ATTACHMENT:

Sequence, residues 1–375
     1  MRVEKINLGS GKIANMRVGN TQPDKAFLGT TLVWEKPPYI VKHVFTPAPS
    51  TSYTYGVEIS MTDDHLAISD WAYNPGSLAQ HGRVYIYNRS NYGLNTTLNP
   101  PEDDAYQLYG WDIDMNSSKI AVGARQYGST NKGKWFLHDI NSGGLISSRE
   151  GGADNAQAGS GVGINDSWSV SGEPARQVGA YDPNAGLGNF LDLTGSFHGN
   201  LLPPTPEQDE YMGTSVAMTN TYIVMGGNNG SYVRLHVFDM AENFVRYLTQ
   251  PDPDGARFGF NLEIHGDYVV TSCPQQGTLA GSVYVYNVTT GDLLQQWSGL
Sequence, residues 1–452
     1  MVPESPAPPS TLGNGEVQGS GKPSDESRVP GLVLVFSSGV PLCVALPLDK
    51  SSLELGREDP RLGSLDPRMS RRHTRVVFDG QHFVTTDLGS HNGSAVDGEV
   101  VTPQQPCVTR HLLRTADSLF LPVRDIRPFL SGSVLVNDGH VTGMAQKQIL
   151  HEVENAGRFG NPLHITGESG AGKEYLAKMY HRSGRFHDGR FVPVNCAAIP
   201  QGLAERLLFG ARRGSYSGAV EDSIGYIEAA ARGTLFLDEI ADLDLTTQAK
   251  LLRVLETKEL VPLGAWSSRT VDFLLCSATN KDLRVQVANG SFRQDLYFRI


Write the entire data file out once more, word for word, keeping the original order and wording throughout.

Sequence, residues 1–375
     1  MRVEKINLGS GKIANMRVGN TQPDKAFLGT TLVWEKPPYI VKHVFTPAPS
    51  TSYTYGVEIS MTDDHLAISD WAYNPGSLAQ HGRVYIYNRS NYGLNTTLNP
   101  PEDDAYQLYG WDIDMNSSKI AVGARQYGST NKGKWFLHDI NSGGLISSRE
   151  GGADNAQAGS GVGINDSWSV SGEPARQVGA YDPNAGLGNF LDLTGSFHGN
   201  LLPPTPEQDE YMGTSVAMTN TYIVMGGNNG SYVRLHVFDM AENFVRYLTQ
   251  PDPDGARFGF NLEIHGDYVV TSCPQQGTLA GSVYVYNVTT GDLLQQWSGL
Sequence, residues 1–452
     1  MVPESPAPPS TLGNGEVQGS GKPSDESRVP GLVLVFSSGV PLCVALPLDK
    51  SSLELGREDP RLGSLDPRMS RRHTRVVFDG QHFVTTDLGS HNGSAVDGEV
   101  VTPQQPCVTR HLLRTADSLF LPVRDIRPFL SGSVLVNDGH VTGMAQKQIL
   151  HEVENAGRFG NPLHITGESG AGKEYLAKMY HRSGRFHDGR FVPVNCAAIP
   201  QGLAERLLFG ARRGSYSGAV EDSIGYIEAA ARGTLFLDEI ADLDLTTQAK
   251  LLRVLETKEL VPLGAWSSRT VDFLLCSATN KDLRVQVANG SFRQDLYFRI